The newest variant of the Patriot missile misfired during the Army’s latest flight test of its future missile defense command platform, with another interceptor ultimately used to take down a tactical ballistic missile (TBM) target.
Col. Phil Rottenborn, project manager for PEO Missiles and Space, confirmed the news first reported by Inside Defense, that the Integrated Battle Command System (IBCS) deployed a PAC-3 Cost Reduction Initiative (CRI) missile after the PAC-3 Missile Segment Enhancement (MSE) missile misfired.
“Root cause analysis on the MSE misfire is ongoing, but preliminary indications are that all IBCS commands to the launcher were executed successfully, and that the error may lie within the missile, but further analysis is required to determine that with certainty. The MSE is a proven and capable missile with a great track record, and I’m confident the team will sort this out quickly,” Rottenborn said.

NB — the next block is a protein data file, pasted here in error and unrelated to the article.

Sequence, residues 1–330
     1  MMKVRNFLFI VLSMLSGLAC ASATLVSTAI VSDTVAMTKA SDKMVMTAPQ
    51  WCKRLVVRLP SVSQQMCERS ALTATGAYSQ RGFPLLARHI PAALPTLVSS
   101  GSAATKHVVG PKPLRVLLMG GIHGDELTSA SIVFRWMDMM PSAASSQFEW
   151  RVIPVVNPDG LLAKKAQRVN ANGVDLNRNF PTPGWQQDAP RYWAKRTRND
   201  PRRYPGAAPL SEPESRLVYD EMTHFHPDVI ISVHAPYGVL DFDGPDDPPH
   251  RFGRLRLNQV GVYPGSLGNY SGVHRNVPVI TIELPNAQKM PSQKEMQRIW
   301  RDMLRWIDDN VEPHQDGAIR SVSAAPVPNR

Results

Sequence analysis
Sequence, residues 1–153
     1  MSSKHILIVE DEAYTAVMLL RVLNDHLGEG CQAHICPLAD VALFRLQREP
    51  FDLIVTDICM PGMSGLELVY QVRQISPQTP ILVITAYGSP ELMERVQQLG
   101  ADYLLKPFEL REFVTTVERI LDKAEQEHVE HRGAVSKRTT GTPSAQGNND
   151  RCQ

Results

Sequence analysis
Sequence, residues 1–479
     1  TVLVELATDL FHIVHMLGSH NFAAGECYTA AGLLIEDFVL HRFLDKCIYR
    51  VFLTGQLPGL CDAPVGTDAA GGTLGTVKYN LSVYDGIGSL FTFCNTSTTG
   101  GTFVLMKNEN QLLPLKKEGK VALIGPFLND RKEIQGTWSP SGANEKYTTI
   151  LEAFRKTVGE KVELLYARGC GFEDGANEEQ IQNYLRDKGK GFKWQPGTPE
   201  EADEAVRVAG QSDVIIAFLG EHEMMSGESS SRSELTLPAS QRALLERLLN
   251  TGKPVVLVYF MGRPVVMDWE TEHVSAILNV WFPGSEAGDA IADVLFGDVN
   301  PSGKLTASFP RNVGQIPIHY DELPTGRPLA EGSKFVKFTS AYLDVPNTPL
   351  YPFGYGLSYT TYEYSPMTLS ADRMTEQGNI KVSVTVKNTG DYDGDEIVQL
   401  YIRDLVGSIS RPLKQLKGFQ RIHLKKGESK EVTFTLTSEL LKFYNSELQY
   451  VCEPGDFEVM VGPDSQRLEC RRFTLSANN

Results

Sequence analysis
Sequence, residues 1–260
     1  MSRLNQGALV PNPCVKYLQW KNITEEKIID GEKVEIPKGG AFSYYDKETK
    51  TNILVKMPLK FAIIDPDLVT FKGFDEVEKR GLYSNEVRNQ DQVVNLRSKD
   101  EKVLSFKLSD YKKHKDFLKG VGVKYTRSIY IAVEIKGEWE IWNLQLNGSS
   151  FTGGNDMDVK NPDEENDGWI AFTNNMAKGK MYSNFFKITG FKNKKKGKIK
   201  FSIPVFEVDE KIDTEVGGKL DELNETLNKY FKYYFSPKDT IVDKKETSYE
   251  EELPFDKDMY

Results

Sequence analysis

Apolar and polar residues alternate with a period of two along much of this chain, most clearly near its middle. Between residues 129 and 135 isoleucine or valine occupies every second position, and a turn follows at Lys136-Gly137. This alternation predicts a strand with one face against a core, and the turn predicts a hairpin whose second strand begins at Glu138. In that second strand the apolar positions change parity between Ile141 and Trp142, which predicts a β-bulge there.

The PAC-3 MSE misfire occurred during the second IBCS Limited User Test flight test, which took place last Thursday at White Sands Missile Range in New Mexico.
Officials told reporters last week the demonstration of the Northrop Grumman [NOC]-developed IBCS system was successful in taking out a TBM target and a cruise missile surrogate, involving IBCS engagement operation centers, two Patriot radars, two Sentinel radars, and four total launchers all connected through the IBCS Integrated Fire Control Network. (Defense Daily, August 20). The Patriot missile misfire was not mentioned during the briefing.
Rottenborn noted that the test plan included having two interceptors ready for the TBM surrogate target, as well as having an additional PAC-3 CRI available.
A PAC-2 GEM-T interceptor was used to take out the cruise missile surrogate during last Thursday’s test.
An IBCS flight test on August 13 was successful in taking out two cruise missile surrogates with two PAC-3 CRIs (Defense Daily, August 13).